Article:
The ICC debate and implications

July 8, 2015, 8:53am

The ICC debate and implications

In the past few months there has been serious debate on whether African countries should maintain their membership to the International Criminal Court amid what many analyst viewed as biased prosecution against some African dictators.
In the past the ICC has been served by Chief Prosecutors from the mother continent but that also failed to extricate the international court from the accusations of bias.
 Proponents of pulling away from the ICC argue that the court played spectator when former President of the United States of America George W Bush apparently created non-existent charges against former Iraqi President Saddam Hussein. The charges were pinned around possession of illegal weapons of mass destruction but since that execution of Hussein the world is still waiting for the day the weapons will be uncovered.
There are also others who feel that those who have stood in the dock are only Africans and never has the ICC stretched its hand of justice to the untouchable western world with the thinking behind this school of thought arguing that that is where the court gets the bulk of its budget.
Understandably those that have been vocal enough are African leaders and Namibian President Dr Hage Geingob is also one of those that has also expressed his discontent on some of the traits portrayed by the ICC when dealing with sensitive judicial matters.
Most African leaders including Namibian are of the view that there is a need to strengthen internal democratic and judicial processes in the continent to enable fairness in elections, abolish dictatorship and obviously create harmony for citizens of the land.
This week the Deputy Prime Minister and Minister of International Relations Neitumbo Nandi-Ndaitwah added her voice among those African leaders that want to see fairness from the ICC.
She believes the ICC should discharge its duties in a more acceptable and fair manner or else there is no need to continue being tied to such an institution.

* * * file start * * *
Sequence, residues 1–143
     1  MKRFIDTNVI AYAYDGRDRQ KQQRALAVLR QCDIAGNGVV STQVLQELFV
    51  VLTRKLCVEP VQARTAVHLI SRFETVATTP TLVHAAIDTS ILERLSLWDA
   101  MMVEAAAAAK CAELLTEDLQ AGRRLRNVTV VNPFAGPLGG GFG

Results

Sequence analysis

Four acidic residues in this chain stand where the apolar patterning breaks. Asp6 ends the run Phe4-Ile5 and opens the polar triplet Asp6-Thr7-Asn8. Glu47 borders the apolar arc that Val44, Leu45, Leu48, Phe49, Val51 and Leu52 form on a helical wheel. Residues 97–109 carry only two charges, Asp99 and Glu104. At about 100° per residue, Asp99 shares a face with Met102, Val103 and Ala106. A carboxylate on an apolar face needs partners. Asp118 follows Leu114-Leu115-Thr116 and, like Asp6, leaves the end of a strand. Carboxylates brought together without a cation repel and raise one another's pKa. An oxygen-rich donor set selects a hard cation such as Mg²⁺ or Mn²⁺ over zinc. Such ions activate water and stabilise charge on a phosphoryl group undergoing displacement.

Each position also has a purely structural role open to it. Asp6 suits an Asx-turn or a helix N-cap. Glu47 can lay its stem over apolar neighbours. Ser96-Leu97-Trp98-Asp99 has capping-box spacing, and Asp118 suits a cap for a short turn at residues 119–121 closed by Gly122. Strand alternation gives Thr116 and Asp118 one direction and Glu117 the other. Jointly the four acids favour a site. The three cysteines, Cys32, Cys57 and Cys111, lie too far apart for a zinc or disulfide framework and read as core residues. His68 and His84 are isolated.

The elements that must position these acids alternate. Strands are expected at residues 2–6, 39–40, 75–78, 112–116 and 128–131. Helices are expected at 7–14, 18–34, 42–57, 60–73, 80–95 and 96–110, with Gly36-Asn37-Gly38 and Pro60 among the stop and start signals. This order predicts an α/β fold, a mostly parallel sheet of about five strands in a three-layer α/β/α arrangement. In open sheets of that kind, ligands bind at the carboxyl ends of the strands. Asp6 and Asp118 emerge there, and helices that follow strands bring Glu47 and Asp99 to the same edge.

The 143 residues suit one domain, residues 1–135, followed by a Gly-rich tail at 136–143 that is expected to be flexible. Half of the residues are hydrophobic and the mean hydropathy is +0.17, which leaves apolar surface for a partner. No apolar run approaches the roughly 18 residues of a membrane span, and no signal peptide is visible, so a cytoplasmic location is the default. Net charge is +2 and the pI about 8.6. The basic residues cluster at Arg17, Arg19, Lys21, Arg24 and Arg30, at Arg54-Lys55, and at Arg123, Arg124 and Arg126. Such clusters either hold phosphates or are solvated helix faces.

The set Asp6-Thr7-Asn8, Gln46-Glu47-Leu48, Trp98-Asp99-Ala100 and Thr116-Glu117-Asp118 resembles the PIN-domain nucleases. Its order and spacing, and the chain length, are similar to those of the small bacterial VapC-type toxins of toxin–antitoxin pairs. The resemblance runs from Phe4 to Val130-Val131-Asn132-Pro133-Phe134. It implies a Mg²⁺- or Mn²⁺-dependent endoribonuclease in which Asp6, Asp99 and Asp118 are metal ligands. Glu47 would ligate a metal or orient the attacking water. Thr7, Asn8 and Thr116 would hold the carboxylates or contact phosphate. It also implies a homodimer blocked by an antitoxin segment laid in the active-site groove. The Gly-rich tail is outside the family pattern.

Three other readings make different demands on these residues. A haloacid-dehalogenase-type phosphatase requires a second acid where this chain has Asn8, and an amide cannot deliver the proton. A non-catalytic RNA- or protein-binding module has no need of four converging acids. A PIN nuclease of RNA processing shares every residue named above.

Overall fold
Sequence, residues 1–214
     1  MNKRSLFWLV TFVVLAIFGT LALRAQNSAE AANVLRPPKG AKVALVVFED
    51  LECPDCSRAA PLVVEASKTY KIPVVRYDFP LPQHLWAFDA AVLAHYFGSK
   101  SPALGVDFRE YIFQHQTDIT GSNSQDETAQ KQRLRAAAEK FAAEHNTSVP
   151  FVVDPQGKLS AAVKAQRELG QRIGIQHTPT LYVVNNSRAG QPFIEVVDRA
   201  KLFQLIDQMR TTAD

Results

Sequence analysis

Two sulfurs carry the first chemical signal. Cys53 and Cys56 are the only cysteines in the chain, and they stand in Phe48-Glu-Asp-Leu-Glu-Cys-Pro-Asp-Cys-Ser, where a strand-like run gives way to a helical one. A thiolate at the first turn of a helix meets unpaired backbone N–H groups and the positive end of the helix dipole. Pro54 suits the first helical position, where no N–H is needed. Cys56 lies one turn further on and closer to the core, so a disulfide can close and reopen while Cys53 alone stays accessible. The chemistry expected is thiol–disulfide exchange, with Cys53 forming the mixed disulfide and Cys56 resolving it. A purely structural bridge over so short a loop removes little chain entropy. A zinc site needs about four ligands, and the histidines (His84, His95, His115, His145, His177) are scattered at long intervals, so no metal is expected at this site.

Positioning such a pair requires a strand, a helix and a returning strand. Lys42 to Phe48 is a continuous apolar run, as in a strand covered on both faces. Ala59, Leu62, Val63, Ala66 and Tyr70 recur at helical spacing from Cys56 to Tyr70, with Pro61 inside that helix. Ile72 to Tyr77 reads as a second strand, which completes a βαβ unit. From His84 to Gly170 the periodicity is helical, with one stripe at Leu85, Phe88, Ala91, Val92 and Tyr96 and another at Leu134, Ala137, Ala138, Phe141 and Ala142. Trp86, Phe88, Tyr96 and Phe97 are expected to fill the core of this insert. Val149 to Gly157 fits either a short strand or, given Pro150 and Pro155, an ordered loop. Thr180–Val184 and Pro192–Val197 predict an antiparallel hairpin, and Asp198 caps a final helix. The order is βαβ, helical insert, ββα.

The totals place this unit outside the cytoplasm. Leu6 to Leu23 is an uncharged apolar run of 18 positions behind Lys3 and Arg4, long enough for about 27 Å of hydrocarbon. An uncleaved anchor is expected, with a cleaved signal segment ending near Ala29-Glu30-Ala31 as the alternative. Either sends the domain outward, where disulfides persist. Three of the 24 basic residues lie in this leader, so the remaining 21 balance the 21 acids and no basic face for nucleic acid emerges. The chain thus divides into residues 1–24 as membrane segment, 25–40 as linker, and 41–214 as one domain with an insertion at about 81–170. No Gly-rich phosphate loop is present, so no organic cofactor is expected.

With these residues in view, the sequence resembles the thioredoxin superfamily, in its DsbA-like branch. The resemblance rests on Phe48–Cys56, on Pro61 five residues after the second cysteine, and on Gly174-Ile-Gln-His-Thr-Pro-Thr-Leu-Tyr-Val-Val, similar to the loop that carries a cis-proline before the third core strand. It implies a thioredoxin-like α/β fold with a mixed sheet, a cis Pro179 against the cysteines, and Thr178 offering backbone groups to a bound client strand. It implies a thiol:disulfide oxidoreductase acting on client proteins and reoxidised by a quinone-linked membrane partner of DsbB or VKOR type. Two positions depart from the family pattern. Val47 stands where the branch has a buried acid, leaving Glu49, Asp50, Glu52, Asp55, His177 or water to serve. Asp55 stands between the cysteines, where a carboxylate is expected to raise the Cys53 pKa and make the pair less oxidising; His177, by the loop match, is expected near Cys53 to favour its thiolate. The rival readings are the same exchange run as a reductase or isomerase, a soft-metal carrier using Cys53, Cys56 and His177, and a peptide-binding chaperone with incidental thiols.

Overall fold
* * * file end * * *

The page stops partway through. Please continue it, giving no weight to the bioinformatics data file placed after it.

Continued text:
However that being the situation, what are the ramifications of African countries completely divorcing the Rome Statute which created the ICC.
Will we as a continent be able to rein in on teach other when certain African individuals feel like they will cling on to power by hook and crook. Is there enough resources in the African continent to thwart insurgents and deal with those that feel like they need to get power from anyone even by using excessive force?
One would not see anything wrong with Africans advocating for a disengagement from the ICC as long such a move is not being done with emotions. There is obviously the need for such a move to be handled in a manner that safeguards African interest. It is pretty obvious that the better number in Africa wants to abort that institution with even South Africa also saying there would not see any harm in it.
Of course for South Africa all this debate comes from the recent event where they were almost forced to humiliate their fellow African Omar Al Bashir. Whatever the need and consequences are for pulling for pulling away from the ICC Africa needs to stand for its own decisions and stop being the followers in international debate but rather lead the debate.
There is also the obvious need for many African leaders to be consultative and frank with each other in their quest to see whether we have anything to benefit from the ICC or Africa is only but following what everyone has done.